What will 2021 bring when it comes to business liability insurance?
It has been a rough year for small business owners. The COVID-19 pandemic has made customers skittish about shopping in person. State governments issued stay-at-home orders and forced many small businesses to shut their doors for months at a time. And even when businesses could reopen, they were often forced to reduce the number of customers they could serve at a time.
And when small business owners turned to their insurance companies for relief during the shutdowns? They often found it lacking, as insurers argued that business interruption policies don't cover losses related to shutdowns caused by viruses.
But what will 2021 bring when it comes to business liability insurance? Will state legislatures force insurers to provide financial relief to business owners still struggling with the pandemic and the resulting shutdown orders? Will a new presidential administration – or a second go-round with the current administration – bring changes to the protections that business liability insurance brings?
No one has a crystal ball. But after a year of upheaval, here's a peek at the challenges small business owners and insurers face when it comes to business liability insurance.
The business interruption dilemma
General business liability insurance offers business owners plenty of protection. Say a customer slips and falls while shopping at your store. If that customer sues you, your business liability policy will cover the costs of defending yourself and will pay out if you lose your court case and must pay up.
Say one of your employees falls off a ladder while working at a client's home. Your policy will cover that employee's medical costs. Say an employee is working offsite at a client's property and accidentally starts a fire or damages a home's front porch. Your insurance policy, again, will cover any costs your business would face to repair the damage.
Liability policies even protect you from copyright or defamation charges.
But a general liability policy doesn't help when a fire, lightning strike, vandalism or other disaster damages your business so severely that you must shut down temporarily. That's what business interruption insurance is for.
This type of insurance, which is usually sold as a rider or addition to an existing business policy, reimburses business owners for the money they've lost from having to shut down. If a fire destroys your restaurant or retail shop and you can't operate while you rebuild, business interruption insurance pays out to help you stay in business.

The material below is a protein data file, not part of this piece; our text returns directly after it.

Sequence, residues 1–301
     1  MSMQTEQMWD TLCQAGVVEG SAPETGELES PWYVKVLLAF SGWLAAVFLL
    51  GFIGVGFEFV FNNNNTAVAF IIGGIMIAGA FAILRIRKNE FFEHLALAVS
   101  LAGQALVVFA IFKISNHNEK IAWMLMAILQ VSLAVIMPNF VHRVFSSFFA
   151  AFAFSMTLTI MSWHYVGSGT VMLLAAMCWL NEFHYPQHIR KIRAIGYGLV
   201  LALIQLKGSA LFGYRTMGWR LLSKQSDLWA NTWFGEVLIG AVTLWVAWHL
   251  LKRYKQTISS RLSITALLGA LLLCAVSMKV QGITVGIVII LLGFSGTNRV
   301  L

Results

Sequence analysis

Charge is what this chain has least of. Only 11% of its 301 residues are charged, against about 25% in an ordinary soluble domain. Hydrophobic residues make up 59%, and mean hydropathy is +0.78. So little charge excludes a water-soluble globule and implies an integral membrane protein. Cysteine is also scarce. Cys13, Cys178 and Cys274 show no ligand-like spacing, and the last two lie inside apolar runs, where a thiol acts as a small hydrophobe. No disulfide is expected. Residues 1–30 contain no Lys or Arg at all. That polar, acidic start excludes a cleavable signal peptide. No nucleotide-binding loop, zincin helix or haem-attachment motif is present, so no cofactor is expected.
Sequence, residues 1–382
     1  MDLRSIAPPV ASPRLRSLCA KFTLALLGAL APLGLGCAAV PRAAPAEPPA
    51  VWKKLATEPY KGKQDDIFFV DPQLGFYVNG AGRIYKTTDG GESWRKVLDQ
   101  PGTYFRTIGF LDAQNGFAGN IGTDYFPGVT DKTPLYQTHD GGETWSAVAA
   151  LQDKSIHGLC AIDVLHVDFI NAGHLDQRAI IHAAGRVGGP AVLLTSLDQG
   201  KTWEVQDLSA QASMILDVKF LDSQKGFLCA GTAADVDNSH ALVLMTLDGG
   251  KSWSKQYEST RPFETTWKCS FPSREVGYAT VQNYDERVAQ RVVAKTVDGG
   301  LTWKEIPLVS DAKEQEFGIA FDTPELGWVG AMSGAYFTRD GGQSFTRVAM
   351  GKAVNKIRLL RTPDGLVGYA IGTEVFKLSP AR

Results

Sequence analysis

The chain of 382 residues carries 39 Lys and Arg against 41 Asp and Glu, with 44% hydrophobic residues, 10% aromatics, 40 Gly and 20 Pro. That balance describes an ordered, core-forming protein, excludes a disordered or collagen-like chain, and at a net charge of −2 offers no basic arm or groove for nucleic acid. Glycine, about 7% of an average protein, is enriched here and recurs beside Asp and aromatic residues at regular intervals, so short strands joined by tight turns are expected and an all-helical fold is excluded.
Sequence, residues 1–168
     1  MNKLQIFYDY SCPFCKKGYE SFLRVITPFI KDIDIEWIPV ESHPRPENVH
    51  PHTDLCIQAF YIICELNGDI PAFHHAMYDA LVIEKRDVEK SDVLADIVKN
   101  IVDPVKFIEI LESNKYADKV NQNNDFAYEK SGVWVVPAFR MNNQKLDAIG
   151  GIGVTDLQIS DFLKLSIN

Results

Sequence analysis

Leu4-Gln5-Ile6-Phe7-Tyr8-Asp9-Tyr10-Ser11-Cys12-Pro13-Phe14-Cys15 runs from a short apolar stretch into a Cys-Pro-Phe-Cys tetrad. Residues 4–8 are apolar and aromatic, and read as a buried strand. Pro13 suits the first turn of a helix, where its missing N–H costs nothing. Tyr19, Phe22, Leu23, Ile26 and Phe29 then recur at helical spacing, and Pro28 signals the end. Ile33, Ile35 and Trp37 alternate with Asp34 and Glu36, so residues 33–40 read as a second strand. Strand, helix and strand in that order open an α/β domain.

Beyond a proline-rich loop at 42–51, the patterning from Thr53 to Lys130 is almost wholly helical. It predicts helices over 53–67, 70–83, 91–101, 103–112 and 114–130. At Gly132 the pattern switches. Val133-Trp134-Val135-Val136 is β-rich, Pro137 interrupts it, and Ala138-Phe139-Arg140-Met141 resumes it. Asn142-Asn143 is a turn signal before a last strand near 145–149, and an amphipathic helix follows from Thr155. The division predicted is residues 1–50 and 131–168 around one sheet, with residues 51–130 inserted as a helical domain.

When governments ordered restaurants and retailers to shut their doors during the early days of the pandemic, many business owners turned to their business interruption insurance to serve as a financial safety net. That's when they discovered that business interruption policies usually don't cover business losses caused by a pandemic. Insurers argue that it's unaffordable to insure a pandemic, because so many of their business clients would need payouts at the same time.
This news, unsurprisingly, didn't make business owners happy. Many have since sued their insurance companies. At the same time, some state governments have introduced legislation that, if enacted, would force insurance companies to provide at least some financial relief to businesses that must shut down during a pandemic.
What do these actions mean for small business owners? That's difficult to say.
Business interruption lawsuits
The National Law Review in September published a report analyzing these lawsuits, reporting that hundreds of businesses had already sued insurance companies, arguing that their policies should cover losses that result from state and local closure orders during the pandemic.
The National Law Review says that there have already been more than 1,000 lawsuits filed across the nation. Insurers continue to argue that business interruption insurance only covers business losses from direct physical damage to property, such as from fires, earthquakes and hurricanes. Insurers say that their policies don't cover losses from business disruptions and shutdowns related to health emergencies. Insurers also point to the fact that many policies clearly state that they don't cover losses resulting from a virus.
The results of these legal actions so far? They've tended to favor insurers, according to the National Law Review.
For example, plaintiffs in late July filed two petitions to the Judicial Panel on Multidistrict Litigation to consolidate hundreds of business interruption cases pending in the federal courts. The panel on Aug. 12 denied both petitions. This means that the lawsuits will now be heard in the courts in which each of the complaints were filed.
The review story said that insurance companies have filed at least 18 motions to dismiss these cases. In some of these cases, businesses have argued that the presence of the virus on their property, which requires them to frequently sanitize and clean surfaces, is an example of direct physical harm. Other businesses argue that having to close their establishments is sufficient grounds for insurance relief.